Each legislative session, we provide the Shawnee Mission area’s elected officials with the chance to share their thoughts about what’s happening in the state capitol. Rep. Tom Cox, Rep. Rui Xu and Sen. John Skubal are scheduled to send updates this week. Here’s Rep. Cox’s filing:
As we head into the 2019 legislative session we are looking at having a surplus in revenue instead of the usual deficit Kansas has faced since 2013. This gives rise to plenty of optimism for our state but we need to show caution as there are so many complex factors in play.
Due to poor revenue estimates we have built up around $800 million in reserves that has not been budgeted. This is a good problem to have, but there are a few factors that we must be cautious with. Our $850 million increased in K-12 spending phases in, increasing the dollar amount each year. Those increases alone quickly eat up the excess future revenue, so we cannot depend on that reserve to keep building. In short, that $800 million is one-time money to be spent, not re-occurring revenue.
There are many different ideas on what to do with this money. End the school finance lawsuit by allocating the remaining $90 million/year to cover inflation as the court requested, expand Medicaid, increase funding to departments like DCF to help fix the terrible situations in our foster care system, fund a new transportation plan, restore the rest of the cuts to higher education, reduce the food sales tax, or pay off our debt that was accrued over the years after the failed tax experiment. The problem is we can’t do them all; we might not even be able to do half of them without putting our state back into a steep deficit in two years.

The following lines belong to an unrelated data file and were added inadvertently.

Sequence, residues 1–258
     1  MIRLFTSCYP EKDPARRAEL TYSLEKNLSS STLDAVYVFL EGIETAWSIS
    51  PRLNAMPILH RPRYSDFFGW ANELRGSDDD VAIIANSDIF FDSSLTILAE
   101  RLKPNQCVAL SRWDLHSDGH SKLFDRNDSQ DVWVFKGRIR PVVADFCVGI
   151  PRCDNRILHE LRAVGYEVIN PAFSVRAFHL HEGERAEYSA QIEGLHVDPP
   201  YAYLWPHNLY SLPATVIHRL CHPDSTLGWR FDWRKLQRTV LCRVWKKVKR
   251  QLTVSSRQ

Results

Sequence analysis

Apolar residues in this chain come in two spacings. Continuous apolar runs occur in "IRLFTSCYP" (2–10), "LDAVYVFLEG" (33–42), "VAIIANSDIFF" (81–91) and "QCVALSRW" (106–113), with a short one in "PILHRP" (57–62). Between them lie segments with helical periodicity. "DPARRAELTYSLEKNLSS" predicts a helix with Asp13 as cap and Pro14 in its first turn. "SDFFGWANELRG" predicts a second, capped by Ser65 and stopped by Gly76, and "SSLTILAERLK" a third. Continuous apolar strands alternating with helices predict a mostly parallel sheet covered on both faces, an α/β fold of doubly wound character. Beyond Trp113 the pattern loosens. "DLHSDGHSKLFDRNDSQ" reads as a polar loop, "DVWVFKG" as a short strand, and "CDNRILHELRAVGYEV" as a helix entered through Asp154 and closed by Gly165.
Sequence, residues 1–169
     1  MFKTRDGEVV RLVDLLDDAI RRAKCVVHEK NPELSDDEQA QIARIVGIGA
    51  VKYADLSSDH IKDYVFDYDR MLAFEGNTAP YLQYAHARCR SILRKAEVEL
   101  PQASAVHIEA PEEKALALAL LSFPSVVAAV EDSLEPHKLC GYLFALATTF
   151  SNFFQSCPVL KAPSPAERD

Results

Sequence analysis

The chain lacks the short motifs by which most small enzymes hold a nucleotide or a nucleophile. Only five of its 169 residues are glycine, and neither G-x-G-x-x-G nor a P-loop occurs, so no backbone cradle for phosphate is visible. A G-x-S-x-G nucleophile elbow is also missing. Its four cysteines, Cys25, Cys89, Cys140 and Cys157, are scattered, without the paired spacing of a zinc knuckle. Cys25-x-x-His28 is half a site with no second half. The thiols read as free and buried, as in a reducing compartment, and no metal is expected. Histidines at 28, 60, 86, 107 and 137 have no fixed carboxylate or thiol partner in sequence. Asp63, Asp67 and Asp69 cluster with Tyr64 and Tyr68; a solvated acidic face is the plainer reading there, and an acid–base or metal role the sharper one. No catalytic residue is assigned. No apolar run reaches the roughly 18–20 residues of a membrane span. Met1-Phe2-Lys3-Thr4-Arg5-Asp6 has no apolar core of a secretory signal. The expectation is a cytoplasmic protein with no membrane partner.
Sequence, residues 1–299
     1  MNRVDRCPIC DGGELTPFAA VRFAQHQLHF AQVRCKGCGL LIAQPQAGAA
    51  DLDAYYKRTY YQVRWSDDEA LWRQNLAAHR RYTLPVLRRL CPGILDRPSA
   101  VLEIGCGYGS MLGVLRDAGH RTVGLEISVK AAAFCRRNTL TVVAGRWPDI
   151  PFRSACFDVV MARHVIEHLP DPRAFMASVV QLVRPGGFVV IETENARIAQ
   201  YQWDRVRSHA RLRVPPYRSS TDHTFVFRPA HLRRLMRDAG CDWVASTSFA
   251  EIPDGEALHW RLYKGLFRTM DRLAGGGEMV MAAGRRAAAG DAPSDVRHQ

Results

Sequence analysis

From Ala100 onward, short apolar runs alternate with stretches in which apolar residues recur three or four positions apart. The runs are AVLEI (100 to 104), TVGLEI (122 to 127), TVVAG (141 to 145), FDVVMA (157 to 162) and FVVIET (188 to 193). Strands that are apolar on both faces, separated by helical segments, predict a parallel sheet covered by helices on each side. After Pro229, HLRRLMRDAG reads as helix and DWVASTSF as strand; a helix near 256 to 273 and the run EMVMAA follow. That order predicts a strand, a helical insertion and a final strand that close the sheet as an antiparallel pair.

We still owe KPERS $115 million in delayed payments that have not been repaid. We owe the unclaimed property fund around $350 million that we borrowed from. We bonded hundreds of millions that we are making interest only payments on and those bonds will come due sooner than we realize. These are the scarier truths that don’t always make it into newsletters and social media posts.
What we all need to go into the legislative session with is an open mind and a resolve to make difficult decisions. Having a surplus is a much better situation than a deficit, but with limited money and many needs in the state we will have to make tough choices. There will be winners and losers. The damage done to our state will not be fixed in two or three years. It is going to take a decade or longer to just get back to where we started, but I believe many on both sides of the aisle recognize this and are committed to the long-term solutions to protect our state. I look forward to working with my colleagues and our new Governor to help address these issues and move our state forward.